ASHE gives new guidance on operating room humidity, temperature and ventilation requirements
The American Society for Healthcare Engineering (ASHE), in partnership with several other organizations, is addressing issues related to temperature, humidity and ventilation requirements for hospital operating rooms and sterile processing departments. While the joint task force works to create more unified standards and guidelines outlining these HVAC requirements, ASHE has issued interim guidance for health care organizations and others affected by these regulations.

The Joint Interim Guidance: HVAC in the Operating Room and Sterile Processing Department seeks to help owners and designers of health care facilities understand the purpose and scope of the various requirements so that patient and staff safety and comfort can be managed more effectively.

Also this week:

HHS launches resources system to improve disaster preparedness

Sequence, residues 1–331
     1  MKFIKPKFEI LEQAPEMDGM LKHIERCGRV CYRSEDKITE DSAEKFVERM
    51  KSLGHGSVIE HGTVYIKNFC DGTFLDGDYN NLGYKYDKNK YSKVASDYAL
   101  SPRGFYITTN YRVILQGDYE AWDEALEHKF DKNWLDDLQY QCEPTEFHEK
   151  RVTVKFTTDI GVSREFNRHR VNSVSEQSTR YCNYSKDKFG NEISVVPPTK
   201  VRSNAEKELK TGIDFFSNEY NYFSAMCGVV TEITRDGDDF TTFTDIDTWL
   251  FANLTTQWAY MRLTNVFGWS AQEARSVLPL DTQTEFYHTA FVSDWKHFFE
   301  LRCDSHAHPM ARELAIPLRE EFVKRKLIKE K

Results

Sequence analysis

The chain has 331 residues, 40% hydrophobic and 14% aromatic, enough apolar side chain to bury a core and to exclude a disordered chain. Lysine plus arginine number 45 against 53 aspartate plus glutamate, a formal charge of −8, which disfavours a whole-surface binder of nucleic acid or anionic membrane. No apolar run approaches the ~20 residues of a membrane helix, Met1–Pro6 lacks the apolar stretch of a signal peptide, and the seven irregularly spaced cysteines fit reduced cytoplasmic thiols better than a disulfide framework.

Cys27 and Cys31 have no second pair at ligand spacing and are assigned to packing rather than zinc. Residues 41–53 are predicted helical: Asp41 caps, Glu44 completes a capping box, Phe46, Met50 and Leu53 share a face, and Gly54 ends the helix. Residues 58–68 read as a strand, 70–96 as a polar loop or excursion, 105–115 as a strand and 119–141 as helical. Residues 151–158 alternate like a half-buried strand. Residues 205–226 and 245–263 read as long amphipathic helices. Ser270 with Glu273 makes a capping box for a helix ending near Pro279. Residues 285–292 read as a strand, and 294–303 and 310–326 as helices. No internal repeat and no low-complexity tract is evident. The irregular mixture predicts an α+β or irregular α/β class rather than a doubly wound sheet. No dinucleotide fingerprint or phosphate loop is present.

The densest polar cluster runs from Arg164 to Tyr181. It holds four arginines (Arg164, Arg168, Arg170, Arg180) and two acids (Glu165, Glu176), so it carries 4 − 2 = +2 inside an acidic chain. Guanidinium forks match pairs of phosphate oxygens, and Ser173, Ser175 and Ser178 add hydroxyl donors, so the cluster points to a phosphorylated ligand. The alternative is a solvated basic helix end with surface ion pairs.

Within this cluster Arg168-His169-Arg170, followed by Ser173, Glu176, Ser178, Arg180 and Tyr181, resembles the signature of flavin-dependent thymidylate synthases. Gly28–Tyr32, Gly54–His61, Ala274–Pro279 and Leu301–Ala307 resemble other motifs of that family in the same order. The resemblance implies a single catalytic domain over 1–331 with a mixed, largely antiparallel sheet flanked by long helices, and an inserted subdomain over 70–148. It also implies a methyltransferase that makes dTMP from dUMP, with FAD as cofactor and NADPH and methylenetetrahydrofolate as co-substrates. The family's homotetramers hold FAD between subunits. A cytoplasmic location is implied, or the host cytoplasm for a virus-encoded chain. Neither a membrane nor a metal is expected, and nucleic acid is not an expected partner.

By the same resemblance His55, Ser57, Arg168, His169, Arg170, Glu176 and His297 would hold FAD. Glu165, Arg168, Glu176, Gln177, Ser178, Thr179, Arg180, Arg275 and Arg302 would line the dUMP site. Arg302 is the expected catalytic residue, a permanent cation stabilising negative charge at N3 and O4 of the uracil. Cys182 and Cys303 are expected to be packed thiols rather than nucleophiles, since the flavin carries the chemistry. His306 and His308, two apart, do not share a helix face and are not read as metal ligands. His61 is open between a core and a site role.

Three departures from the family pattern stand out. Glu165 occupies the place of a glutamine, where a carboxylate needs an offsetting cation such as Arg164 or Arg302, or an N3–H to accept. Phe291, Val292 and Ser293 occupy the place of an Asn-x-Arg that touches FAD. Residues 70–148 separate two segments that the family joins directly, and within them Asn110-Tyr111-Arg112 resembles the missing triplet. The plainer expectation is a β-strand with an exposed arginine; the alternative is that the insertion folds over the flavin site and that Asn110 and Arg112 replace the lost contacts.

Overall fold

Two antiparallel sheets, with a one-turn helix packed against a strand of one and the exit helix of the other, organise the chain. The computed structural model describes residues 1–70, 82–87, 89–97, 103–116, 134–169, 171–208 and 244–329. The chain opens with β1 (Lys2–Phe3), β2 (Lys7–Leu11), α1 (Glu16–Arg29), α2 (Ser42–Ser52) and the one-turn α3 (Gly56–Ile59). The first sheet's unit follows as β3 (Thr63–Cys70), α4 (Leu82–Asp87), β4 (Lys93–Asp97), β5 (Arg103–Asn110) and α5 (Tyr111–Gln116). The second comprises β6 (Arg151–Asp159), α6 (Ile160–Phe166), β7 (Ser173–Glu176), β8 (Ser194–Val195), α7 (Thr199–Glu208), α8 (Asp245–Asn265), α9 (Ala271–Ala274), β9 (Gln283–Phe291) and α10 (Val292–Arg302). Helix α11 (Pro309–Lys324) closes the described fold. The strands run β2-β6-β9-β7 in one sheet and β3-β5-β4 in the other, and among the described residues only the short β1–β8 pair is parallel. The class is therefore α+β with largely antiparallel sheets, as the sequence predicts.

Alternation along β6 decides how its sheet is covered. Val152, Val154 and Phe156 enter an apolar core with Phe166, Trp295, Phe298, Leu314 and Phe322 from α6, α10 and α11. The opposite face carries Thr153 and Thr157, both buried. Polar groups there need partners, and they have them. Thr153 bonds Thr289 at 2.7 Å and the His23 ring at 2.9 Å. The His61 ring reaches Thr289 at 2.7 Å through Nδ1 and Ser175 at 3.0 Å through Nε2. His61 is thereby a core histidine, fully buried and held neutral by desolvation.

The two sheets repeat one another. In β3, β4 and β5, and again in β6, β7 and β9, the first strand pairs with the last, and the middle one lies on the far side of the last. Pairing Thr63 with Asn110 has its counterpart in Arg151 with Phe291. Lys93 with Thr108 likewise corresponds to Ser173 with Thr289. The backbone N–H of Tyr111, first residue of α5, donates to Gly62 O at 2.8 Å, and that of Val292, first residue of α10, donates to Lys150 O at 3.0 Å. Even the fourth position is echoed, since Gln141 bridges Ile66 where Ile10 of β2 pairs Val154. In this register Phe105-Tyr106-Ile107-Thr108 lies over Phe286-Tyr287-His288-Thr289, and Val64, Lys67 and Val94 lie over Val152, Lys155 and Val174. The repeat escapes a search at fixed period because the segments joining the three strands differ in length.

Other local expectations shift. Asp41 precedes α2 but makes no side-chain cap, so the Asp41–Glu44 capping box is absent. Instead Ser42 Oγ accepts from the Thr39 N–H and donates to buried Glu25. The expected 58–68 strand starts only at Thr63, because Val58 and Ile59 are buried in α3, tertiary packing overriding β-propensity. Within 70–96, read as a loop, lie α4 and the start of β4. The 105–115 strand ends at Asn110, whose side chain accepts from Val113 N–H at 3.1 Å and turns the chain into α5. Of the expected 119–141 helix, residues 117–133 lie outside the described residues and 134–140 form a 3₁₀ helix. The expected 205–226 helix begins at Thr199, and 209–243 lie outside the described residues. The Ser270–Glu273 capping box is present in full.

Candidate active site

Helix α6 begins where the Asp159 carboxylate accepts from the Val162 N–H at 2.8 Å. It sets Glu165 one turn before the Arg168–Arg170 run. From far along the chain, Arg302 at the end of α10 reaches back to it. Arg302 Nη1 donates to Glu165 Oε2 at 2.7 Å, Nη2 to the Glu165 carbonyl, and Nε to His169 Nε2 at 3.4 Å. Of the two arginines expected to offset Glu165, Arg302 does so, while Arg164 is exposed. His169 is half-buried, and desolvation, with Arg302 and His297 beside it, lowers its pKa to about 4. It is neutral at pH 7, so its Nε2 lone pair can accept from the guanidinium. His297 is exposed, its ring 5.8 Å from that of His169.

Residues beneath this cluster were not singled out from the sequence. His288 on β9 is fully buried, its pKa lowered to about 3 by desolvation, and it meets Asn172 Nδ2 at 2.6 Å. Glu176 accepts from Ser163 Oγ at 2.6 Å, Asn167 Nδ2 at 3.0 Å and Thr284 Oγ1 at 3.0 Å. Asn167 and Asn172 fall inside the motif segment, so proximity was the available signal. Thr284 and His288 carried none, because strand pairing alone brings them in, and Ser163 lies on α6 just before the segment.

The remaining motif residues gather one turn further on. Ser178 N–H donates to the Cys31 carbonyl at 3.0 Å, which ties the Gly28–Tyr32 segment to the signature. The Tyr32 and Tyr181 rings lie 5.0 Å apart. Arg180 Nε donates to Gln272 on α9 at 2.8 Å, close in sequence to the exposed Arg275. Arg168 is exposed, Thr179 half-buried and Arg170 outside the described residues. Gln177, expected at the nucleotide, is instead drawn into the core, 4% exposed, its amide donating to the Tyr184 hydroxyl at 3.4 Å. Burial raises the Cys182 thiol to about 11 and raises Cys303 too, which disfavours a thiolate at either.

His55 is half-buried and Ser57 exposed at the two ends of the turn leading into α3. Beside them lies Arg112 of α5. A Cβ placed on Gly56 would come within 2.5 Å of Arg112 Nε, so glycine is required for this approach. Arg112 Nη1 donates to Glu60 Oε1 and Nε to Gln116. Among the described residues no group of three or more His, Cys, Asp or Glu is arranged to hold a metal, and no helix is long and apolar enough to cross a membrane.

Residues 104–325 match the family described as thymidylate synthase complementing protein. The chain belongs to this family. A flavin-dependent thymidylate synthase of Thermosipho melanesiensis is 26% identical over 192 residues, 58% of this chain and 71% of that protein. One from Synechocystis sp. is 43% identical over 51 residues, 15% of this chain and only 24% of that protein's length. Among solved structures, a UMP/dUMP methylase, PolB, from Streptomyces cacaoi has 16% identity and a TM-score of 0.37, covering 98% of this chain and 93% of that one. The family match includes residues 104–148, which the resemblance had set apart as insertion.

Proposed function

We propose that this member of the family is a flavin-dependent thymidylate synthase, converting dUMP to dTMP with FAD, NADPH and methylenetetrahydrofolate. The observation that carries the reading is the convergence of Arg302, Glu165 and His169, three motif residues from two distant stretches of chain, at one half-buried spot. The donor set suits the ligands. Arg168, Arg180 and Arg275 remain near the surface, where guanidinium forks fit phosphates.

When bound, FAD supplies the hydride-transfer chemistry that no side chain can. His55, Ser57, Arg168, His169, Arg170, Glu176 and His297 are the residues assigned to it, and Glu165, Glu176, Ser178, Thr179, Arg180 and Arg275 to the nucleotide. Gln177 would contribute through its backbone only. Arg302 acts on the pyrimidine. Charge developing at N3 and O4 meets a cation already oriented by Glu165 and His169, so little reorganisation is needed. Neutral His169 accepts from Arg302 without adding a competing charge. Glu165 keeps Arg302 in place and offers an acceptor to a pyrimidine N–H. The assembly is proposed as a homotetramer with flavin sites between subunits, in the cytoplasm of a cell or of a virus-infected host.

The Health & Human Services’ Office of the Assistant Secretary for Preparedness and Response recently launched TRACIE, or the Technical Resources, Assistance Center, and Information Exchange. The resource was developed by a network of national experts and features resource materials, a help line, just-in-time suggestions and tools to share information gleaned from real-life experiences in preparing for, responding to and recovering from disasters.

Joint Commission Sentinel Event Alert on fall prevention
Joint Commission Sentinel Event Alert 55 addresses the underlying causes of patient falls. It also gives six actions health facilities can take to improve fall prevention and links to external resources and toolkits.

ASHE, Joint Commission update Focus on Compliance resource
The American Society for Healthcare Engineering has posted additional resources on its Focus on Compliance website to help round out guidance on utility system compliance with Joint Commission requirements.

CMS awards $110 million to health systems to improve patient safety
The Centers for Medicare & Medicaid Services (CMS) awarded $110 million in Affordable Care Act funding to 17 national, regional or state hospital associations and health system organizations to continue efforts in reducing preventable hospital-acquired conditions and readmissions. CMS set a goal in 2011 to reduce preventable hospital-acquired conditions by 40 percent.